Area Forecast Discussion
Issued by NWS Portland, ME

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FXUS61 KGYX 201048

Area Forecast Discussion
National Weather Service Gray ME
648 AM EDT Mon May 20 2024

Surface high pressure moves in today and will clear things out
this afternoon and then anchor itself just offshore allowing
for some seasonably warm temperatures. There`s a chance for some
thunderstorms in the mountains late Tuesday into Tuesday night,
with a better chance for showers and storms Wednesday afternoon
and evening as a cold front approaches. An upper level trough
will keep scattered showers over the region Friday. High
pressure builds in from north over the weekend.


645 AM...No real changes to the forecast, just adjusted sky/fog
to better reflect reality this morning. They still should all
burn off by midday.

Previously...Sfc high shifts offshore during today as 500 MB
ridging shifts into more zonal flow by later in the day. This
will allow sfc flow to become more SW as flow aloft shift to the
W. The stratus S and E of the mtns will begin to erode from
inland first this morning, and eventually do so at the coast,
but that may not be until midday or so. Also, the onshore flow
near the coast will likely never shift to SSW, as it does this
afternoon inland. Ultimately this will lead to a fairly wide
differential in temps between the coast and inland areas,
especially the CT valley where highs will reach into the upper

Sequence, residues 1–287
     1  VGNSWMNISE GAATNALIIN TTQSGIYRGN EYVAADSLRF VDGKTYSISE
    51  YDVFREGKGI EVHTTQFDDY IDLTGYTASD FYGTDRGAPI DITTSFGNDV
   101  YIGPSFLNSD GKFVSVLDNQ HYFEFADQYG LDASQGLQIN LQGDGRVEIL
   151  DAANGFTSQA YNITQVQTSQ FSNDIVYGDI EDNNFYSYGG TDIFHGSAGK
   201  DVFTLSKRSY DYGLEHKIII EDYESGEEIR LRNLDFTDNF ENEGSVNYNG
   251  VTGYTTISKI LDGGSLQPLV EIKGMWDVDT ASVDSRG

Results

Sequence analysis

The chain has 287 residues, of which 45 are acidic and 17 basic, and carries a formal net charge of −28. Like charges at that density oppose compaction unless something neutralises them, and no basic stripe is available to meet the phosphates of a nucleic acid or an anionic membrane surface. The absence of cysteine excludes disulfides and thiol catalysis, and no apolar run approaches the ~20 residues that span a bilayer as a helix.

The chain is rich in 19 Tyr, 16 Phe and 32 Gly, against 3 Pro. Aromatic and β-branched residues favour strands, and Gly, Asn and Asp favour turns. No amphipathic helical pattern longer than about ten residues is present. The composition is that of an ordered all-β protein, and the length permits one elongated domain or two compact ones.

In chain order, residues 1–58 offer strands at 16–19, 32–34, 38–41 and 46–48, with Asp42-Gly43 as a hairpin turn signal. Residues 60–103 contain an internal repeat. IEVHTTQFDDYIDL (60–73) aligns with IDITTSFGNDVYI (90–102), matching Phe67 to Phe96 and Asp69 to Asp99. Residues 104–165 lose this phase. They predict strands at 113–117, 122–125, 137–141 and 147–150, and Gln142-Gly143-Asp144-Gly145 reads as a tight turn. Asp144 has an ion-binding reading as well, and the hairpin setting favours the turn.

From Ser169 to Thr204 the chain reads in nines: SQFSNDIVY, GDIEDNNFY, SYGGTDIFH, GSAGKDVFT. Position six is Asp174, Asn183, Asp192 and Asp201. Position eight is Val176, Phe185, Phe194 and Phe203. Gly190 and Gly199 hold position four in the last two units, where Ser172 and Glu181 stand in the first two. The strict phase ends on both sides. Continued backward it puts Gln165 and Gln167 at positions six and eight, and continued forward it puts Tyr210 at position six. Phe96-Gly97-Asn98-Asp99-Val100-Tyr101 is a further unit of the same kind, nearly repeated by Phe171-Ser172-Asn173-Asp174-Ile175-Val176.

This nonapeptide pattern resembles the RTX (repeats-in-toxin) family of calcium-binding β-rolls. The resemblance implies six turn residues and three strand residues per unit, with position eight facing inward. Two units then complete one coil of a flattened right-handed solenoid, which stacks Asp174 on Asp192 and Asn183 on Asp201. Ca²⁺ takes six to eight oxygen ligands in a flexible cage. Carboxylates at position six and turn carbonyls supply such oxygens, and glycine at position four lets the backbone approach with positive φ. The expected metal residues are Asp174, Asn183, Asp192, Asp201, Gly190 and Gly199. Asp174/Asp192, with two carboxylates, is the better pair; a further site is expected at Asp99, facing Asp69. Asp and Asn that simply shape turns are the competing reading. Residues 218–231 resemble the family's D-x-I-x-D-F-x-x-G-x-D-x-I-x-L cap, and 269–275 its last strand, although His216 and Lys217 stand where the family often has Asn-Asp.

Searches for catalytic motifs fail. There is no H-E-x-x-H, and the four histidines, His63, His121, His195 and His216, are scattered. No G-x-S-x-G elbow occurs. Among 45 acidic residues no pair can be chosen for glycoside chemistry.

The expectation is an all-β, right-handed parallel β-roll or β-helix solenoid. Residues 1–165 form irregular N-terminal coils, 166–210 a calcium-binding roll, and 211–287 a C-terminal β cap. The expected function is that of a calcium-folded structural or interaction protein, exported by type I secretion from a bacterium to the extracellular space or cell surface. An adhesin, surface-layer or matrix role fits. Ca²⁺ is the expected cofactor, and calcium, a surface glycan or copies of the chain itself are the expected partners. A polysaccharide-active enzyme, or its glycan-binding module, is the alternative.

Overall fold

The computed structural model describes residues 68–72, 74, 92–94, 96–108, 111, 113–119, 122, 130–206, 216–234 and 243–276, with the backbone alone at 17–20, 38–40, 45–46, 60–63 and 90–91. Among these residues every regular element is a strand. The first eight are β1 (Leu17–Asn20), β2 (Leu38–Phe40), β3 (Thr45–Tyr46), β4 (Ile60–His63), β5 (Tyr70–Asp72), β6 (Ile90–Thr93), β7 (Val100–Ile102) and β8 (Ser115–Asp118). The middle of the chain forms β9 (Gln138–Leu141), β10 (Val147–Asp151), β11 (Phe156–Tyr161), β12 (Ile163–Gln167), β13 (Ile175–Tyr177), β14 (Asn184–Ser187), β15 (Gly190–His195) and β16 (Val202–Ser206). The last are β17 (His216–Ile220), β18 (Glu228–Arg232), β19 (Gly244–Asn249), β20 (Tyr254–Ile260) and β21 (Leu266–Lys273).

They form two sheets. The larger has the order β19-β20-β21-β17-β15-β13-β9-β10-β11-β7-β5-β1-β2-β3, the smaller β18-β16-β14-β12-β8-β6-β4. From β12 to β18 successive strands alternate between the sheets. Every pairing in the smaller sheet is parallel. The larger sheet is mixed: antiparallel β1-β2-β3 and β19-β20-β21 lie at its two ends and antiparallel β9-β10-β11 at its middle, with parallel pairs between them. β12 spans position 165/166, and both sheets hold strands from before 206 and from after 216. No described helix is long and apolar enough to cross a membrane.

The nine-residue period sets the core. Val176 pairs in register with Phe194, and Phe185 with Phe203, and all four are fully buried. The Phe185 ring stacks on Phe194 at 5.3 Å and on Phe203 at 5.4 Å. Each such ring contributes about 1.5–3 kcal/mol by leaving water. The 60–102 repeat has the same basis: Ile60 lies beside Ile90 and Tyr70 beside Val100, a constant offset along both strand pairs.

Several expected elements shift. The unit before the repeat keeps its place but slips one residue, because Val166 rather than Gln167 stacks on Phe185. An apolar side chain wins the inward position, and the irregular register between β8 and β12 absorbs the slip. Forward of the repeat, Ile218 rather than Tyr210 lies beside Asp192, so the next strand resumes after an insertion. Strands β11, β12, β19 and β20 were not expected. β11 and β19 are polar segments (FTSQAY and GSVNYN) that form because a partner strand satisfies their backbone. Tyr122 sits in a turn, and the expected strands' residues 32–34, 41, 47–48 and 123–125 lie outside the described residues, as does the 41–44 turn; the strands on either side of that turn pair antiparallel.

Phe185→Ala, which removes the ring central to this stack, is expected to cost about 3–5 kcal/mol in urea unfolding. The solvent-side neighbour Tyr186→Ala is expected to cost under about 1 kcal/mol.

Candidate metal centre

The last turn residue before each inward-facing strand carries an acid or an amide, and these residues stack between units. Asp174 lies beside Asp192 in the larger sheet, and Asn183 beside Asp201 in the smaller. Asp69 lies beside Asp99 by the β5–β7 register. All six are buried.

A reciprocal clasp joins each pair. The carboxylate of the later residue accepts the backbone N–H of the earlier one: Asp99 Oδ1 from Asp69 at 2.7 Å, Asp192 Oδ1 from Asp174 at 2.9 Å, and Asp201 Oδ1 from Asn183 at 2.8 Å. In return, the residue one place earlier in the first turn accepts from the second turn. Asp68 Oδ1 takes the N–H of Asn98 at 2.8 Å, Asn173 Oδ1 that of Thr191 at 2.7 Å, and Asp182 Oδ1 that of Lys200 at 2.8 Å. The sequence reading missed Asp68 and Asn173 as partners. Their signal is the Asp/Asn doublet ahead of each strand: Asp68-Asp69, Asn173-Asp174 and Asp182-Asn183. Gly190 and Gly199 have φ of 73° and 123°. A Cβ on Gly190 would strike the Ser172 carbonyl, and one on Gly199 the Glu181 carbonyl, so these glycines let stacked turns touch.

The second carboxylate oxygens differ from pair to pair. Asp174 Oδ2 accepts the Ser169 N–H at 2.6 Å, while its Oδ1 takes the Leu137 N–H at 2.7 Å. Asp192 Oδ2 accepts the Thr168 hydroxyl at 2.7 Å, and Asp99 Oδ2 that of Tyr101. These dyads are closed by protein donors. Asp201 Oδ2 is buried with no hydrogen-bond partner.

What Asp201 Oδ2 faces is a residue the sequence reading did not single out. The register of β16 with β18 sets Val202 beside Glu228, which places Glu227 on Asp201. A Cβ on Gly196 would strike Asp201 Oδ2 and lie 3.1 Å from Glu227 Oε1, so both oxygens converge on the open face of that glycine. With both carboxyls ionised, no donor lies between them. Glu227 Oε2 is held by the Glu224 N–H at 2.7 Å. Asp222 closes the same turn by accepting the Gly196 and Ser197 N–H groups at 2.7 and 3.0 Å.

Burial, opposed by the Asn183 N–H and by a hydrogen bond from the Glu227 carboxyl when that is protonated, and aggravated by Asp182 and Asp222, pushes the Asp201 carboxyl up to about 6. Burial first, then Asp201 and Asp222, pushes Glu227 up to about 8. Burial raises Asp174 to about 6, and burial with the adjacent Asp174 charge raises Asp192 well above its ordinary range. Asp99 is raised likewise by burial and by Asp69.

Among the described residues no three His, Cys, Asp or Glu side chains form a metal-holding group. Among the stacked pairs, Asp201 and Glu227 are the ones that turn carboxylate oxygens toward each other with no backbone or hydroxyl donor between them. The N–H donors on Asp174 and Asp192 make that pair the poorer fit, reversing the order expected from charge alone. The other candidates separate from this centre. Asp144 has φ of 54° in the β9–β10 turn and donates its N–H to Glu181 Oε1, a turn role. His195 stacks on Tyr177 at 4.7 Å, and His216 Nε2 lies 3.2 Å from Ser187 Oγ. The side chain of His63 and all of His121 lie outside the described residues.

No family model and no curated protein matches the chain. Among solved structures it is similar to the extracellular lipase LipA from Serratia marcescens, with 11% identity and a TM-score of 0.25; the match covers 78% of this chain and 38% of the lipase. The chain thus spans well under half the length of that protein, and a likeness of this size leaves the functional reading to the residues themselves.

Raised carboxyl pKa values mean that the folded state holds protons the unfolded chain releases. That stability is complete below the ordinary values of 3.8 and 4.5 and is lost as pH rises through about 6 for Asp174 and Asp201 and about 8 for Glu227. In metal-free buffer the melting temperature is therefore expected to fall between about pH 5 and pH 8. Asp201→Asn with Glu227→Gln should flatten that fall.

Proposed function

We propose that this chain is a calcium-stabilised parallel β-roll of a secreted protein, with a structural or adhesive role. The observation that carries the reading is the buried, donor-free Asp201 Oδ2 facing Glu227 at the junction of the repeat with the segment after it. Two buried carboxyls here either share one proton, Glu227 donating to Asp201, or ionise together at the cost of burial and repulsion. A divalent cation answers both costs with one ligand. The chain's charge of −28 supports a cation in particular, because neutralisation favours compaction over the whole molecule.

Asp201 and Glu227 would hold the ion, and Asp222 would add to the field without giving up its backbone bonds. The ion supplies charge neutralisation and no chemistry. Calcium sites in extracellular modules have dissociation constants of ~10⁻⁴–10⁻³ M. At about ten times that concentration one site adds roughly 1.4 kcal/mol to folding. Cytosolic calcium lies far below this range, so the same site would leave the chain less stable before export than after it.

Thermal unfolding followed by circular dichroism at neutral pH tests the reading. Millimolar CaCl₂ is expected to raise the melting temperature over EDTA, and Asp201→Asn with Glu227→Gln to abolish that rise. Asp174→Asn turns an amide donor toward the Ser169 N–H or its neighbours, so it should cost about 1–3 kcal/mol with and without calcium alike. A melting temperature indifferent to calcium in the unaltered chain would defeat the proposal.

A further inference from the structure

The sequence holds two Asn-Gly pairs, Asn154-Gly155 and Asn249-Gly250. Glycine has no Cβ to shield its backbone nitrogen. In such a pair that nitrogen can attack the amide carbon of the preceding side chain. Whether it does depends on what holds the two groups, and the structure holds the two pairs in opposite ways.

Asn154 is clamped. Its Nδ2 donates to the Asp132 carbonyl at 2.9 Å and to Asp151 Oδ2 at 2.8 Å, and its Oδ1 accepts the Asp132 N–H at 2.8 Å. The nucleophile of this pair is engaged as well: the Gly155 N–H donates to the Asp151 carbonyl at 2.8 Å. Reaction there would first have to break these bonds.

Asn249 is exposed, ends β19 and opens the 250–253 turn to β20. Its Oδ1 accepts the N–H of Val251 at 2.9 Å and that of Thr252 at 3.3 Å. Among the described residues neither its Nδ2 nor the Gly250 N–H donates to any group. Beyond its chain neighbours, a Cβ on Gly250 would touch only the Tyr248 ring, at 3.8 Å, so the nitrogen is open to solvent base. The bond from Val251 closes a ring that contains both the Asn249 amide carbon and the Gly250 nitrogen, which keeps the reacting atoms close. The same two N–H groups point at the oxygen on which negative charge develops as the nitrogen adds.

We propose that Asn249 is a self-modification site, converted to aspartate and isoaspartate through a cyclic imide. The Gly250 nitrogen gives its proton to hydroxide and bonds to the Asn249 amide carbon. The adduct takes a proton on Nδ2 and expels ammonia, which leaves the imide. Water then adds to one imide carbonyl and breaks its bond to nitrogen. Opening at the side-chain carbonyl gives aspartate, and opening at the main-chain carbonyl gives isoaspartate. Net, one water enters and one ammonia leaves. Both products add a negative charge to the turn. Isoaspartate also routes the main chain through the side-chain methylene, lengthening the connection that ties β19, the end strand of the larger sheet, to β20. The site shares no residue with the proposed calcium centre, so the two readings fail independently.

70s today, while inland areas S and E of the mtns should get to
the low to mid 70s, and the coast will likely remain in the 60s


Should stay mainly clear away from the coast through the night ,
and with light winds this will allow temps to fall into the low
to mid 50s across much of the area, although the coast will be
the coolest, as it will never get out of the marine lyr, and
lows will fall to around 50. Another round of low coastal
stratus is possible again late tonight, although should be
limited to closer and the coast, and some models only bring into
the mid-coast overnight.

On Tuesday, we line up pretty good with W flow aloft and SW flow
near the sfc, and this will advect some warm mid level air into
the CWA with 850 MB temps pushing 15C by the afternoon. This
should be enough to push temps to 80-85 across much of the area
away from the coast. Still we are likely to see see the flow
shift to the S along the coast which will limit highs to 65-70
along the mid coast and 70-75 along the N-S oriented coast S of
Casco Bay. There is a remnant MCS that will be across S Quebec
late in the day. 12Z model runs tend to keep this out of the CWA
until Tue evening, but may see some convection develop ahead of
it the far N late in the afternoon.


Overview... A building ridge along the Eastern Seaboard brings
very warm conditions for much of the week, peaking midweek.
Residual convection riding around the ridge brings a few chances
for showers and storms over several days, with the greatest
chance on Thursday as a cold front approaches from the north.
Relatively cooler air returns by late in the week and the


Wednesday looks to be the peak of the heat, with temps warming
into the low 90s across much of southern and western NH, and 80s
elsewhere. Even the southern coastlines warm into the 80s with